BAGHDAD, Iraq—The rumors spread quickly last month around the central Baghdad neighborhood of Sab'ah Nisan that Salem Khudair's nephew had insulted the name of Imam Hussein, one of the most important historical figures in the Shiite branch of Islam. It fell to Khudair, the eldest son of a family from the Sunni branch, to meet with local Shiites and explain that his 26-year-old nephew had said no such thing.
A day later Khudair's family received a note insulting them as Sunni Muslims, calling them sons of whores. On March 27, Khudair was kidnapped.
What came next has become typical for Iraq as sectarian tension and violence rise. Khudair's family formed an armed group of more than 20 relatives and neighbors who are demanding Khudair's release and vowing to kill those responsible.
"If something happened to my brother, no Shiite would be safe," said Khudair's brother, Sameer, who's convinced that Shiite militia members are behind the kidnapping.
The political instability in Iraq and the ethnic divides behind it are pushing Iraqis toward gang-like violence that many worry could start a slide toward civil war.
For decades, Saddam Hussein, Iraq's former dictator from the Sunni minority, ruled the nation harshly, sometimes brutally suppressing the majority Shiite population. In January, Shiite leaders swept Iraq's national assembly election.
The recent unrest, though, rather than coming from the top leadership of political and religious parties, is springing largely from the grass-roots of Iraqi society. It involves neighborhood-based forces, with Sunnis and Shiites seeking to protect themselves from each other or to exact revenge, and it chips away at Iraq's national unity.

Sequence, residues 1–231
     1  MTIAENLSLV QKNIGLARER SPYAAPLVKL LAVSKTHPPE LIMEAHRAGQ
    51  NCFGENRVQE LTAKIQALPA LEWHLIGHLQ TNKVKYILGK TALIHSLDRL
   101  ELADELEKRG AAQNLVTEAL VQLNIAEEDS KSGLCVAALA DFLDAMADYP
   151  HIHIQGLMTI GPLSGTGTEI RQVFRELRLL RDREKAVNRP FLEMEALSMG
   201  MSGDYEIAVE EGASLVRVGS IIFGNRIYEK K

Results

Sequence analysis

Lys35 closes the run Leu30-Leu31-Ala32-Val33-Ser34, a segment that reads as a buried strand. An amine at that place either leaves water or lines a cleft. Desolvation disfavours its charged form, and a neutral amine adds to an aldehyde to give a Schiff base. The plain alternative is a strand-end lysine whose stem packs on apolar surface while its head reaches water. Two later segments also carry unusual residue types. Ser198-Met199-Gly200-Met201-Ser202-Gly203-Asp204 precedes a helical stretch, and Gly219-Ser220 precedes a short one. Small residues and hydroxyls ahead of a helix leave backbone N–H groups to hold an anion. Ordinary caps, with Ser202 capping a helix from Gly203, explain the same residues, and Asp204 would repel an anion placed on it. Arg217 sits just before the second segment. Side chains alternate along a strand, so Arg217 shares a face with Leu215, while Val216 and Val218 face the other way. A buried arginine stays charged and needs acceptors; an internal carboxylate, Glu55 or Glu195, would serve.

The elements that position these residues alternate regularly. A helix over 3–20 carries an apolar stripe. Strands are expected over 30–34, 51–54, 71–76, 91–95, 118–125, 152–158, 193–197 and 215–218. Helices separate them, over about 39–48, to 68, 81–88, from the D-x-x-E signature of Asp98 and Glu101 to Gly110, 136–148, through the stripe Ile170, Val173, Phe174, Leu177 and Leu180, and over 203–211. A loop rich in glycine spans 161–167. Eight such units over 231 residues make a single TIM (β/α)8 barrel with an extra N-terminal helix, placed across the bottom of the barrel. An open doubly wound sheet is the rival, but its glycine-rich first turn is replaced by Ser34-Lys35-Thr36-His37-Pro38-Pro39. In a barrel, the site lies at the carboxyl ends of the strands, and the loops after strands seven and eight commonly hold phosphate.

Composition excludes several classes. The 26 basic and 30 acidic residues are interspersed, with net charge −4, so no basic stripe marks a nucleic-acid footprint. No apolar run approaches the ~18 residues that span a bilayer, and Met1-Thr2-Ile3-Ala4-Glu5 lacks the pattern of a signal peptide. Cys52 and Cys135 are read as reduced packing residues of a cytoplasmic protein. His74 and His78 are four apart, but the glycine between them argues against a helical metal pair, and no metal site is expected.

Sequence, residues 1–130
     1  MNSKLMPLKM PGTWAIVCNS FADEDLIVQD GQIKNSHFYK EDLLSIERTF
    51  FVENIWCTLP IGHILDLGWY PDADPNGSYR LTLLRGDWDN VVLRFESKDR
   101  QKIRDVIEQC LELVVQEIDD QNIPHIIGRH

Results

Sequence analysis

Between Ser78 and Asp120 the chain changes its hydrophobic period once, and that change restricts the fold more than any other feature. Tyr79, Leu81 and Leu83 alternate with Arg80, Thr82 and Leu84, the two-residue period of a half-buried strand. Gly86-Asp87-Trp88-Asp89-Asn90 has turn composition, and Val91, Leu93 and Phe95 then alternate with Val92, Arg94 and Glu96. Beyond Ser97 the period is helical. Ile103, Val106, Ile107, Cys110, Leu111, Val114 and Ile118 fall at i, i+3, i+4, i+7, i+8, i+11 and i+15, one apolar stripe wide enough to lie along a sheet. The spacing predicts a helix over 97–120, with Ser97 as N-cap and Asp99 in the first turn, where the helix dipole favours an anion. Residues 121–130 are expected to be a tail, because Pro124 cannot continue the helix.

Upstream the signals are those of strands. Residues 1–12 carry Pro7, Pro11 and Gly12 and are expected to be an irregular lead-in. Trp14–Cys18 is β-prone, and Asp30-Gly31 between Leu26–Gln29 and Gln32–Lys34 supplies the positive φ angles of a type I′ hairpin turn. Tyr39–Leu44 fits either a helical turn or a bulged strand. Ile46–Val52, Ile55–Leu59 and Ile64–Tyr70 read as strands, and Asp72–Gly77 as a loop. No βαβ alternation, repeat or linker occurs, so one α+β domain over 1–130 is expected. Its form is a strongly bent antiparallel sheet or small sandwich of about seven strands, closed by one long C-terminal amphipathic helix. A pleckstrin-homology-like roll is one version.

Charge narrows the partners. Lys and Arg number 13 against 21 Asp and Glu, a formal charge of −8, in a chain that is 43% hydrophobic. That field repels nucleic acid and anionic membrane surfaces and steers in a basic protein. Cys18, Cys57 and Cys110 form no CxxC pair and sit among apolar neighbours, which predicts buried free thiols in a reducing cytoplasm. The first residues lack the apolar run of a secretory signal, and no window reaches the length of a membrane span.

More than eight months after the interim Iraqi government announced that the nation's largest Shiite and Kurdish militias would disband, they're still functioning.
Sectarian suspicions about the nation's official security forces also spur the urge to take up arms. Many Sunnis view the Iraqi National Guard, the main component of the nation's army, as working for the Shiite political elite. Many Shiites, in turn, are deeply suspicious that officers loyal to Saddam and his Baath Party have infiltrated the Iraqi police.
Between the neighborhood militias and a general distrust of security forces, Iraq is a tinderbox waiting for a spark, said Hassan al Ani, a Baghdad University political professor and analyst.
"We can't forget what happened in Lebanon," he said, referring to the 15-year civil war there that killed thousands in vicious fighting between religious sects and their militias.
The nation's top Shiite cleric, Grand Ayatollah Ali al-Sistani, issued an edict last month telling his followers to obey and cooperate with Iraqi troops. While al-Sistani didn't give a reason for the guidance, a representative explained that, "without the help of the people, it's going to be hard for the security forces to keep any security in the country."
Sectarian political squabbles and the inability to form a national government have exacerbated the tension, many Iraqis say. Low Sunni voter turnout in the election resulted in a landslide win by the main Shiite political group, the United Iraqi Alliance, a strong showing by a Kurdish slate and a near-complete electoral failure by the Sunni political community. The alliance has 140 seats in the 275-member national assembly. Arab Sunnis have 17, and that figure includes a handful who ran on the alliance ticket.